The Isle

"Bad"

The Isle Review


The Isle is lovely to look at, in a pseudo-sophisticated way. Long, meditative wide shots of a Korean fishing ground located in some middle-of-nowhere rural community are appealing, and it's a location that hasn't been seen in many other movies. Most of The Isle is photographed in and around the fishing huts floating out in the water as a beautiful, longhaired groundskeeper (Suh Jung) tends to the piggish male fishermen. Prostituting herself out to them for a few bucks, she boats herself back and forth across the bay in steely-eyed silence.

Remaining mute throughout the film, Suh Jung has a wraithlike presence, or more appropriately comes across as a waterlogged avenging angel. When one of her johns short-changes her, she sneaks up on him late into the night (when he's in the midst of taking a dump off the side of his boat; a detail filmmaker Kim Di-Duk presents from an underwater POV shot -- thanks). Knifing her offender in the side, Suh Jung drifts away, ignoring his pleas for help. It's the slasher film as directed by Shohei Imamura, who posited his latest view on Asian culture "from the waist down" in the excellent Warm Water Under a Red Bridge.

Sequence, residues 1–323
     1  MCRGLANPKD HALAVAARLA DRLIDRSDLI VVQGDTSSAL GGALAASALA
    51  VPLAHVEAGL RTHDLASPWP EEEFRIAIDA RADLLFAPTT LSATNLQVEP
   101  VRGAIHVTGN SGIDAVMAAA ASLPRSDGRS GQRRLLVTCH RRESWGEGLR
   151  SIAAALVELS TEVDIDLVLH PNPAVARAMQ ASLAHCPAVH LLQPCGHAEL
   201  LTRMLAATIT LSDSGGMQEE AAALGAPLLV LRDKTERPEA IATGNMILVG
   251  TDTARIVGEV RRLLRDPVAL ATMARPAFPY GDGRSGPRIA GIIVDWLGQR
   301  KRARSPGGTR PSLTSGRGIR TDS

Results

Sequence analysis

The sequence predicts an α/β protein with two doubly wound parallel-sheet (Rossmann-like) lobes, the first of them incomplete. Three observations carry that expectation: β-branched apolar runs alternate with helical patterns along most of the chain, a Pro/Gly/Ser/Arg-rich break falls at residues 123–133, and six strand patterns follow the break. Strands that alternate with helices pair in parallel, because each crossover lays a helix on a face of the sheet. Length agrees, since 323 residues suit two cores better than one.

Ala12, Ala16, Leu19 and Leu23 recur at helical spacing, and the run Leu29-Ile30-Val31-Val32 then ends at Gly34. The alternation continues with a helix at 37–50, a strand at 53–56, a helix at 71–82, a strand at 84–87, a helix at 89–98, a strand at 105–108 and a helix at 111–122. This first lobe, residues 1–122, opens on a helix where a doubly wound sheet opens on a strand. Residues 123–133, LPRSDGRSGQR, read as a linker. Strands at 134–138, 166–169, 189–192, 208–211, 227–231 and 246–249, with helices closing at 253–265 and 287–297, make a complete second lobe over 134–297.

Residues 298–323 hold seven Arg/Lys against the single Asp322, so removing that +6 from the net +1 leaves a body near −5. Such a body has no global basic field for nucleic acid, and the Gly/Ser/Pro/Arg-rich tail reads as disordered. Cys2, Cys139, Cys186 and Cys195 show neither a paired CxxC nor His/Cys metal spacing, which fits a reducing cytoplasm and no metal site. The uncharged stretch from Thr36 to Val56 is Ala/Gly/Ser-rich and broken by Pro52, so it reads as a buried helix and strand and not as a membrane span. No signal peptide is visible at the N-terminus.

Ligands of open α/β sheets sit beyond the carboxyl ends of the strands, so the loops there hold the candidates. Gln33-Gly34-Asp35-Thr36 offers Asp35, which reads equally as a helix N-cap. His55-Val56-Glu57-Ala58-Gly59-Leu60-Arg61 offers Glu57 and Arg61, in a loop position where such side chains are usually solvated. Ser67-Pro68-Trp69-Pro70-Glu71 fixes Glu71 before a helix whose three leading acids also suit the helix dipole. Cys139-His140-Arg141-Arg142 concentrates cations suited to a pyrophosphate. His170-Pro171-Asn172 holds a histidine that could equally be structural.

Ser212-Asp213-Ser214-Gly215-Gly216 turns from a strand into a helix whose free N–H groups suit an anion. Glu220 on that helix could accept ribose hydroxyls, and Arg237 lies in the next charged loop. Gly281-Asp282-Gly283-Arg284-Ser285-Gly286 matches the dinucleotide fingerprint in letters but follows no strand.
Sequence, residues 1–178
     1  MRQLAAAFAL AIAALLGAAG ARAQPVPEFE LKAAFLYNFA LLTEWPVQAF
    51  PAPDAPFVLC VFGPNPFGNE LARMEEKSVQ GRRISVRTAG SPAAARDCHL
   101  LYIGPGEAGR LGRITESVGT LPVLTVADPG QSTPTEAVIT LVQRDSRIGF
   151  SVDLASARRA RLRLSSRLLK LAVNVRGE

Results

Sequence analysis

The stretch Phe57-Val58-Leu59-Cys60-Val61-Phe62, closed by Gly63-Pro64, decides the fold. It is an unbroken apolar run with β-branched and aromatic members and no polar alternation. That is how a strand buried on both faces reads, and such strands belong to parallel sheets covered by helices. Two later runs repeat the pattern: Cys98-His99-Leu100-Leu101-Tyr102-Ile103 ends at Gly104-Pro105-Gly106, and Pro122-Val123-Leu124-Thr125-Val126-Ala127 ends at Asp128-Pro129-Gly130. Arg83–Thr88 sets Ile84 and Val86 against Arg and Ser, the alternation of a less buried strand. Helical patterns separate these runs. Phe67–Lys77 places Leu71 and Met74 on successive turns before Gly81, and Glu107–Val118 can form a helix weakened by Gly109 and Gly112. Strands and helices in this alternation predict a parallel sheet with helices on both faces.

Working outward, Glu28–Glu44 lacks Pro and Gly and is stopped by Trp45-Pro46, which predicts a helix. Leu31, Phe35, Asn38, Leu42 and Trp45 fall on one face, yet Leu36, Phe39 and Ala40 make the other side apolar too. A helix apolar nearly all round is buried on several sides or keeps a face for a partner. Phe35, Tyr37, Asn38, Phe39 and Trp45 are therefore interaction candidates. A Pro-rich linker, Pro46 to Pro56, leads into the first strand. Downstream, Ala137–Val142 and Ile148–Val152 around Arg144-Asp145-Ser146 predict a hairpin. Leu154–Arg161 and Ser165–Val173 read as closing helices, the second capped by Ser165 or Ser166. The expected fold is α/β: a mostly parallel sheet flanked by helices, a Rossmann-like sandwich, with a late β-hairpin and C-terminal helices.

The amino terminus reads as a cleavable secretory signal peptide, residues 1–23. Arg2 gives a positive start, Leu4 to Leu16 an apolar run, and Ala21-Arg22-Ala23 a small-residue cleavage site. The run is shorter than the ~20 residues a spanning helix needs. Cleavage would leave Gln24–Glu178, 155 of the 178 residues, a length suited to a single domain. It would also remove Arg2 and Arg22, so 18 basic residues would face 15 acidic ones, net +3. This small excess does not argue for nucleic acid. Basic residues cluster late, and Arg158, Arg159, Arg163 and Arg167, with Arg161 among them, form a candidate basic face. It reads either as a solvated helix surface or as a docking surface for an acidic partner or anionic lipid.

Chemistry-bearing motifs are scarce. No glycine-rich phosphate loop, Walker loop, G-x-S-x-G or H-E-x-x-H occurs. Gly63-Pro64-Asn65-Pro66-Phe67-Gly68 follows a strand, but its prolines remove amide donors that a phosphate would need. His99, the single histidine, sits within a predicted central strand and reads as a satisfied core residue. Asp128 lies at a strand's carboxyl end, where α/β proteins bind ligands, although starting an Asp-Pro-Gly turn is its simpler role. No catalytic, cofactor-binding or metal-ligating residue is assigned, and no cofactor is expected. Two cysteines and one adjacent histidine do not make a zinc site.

Petty provocateur and would-be filmmaker Kim Di-Duk may have made an impression at film festivals with the ugly details of his 90-minute psychosexual drama. Shock value has an immediate impact, but not necessarily an enriching or philosophical one. A tormented young man (Kim Yoo-Suk) swallows a fishhook in a failed (but gruesome) suicide attempt. His rescuer, Suh Jung, has sex with him right away to distract him from the pain. The sex and violence are eye-catching, but purposefully maudlin.

Kim Di-Duk ladles on his gallery of pain, photographing it with all the interest of an industrial video or a clinical autopsy. That would be fine if he were driving home a point deeper than, "The human condition is terminal, and all love ends in despair and tragedy." He's pared down his movie so much that the very concepts of "relationship," "love," "jealousy," and "disinterest" are as empty as his images. The rest is artful boredom, lingering on Suh Jung rowing back and forth from her cabin to Kim Yoo-Suk's boat.

A man swallows a fishhook, and later a female character shoves the same hook into her crotch and stands there bleeding, an image from the Greeks sucked clear of metaphoric power. Too restrained to be a freak show, too mercenary and obvious to be cerebral, too dull and pretentious to be engaging... The Isle defies an easy categorization. Feminists might find the brutality of his final scene to reveal a hatred of women, men might find the passivity of the male protagonist too hollow. As gruesome and as polemic as it gets, The Isle doesn't make it easy to care. And if that's the point, then there you have it.

Aka Seom.



The Isle

Facts and Figures

Run time: 90 mins

In Theaters: Saturday 22nd April 2000

Distributed by: Myung Film

Reviews

Contactmusic.com: 1.5 / 5

Rotten Tomatoes: 76%
Fresh: 26 Rotten: 8

IMDB: 7.1 / 10

Cast & Crew

Director:

Producer:

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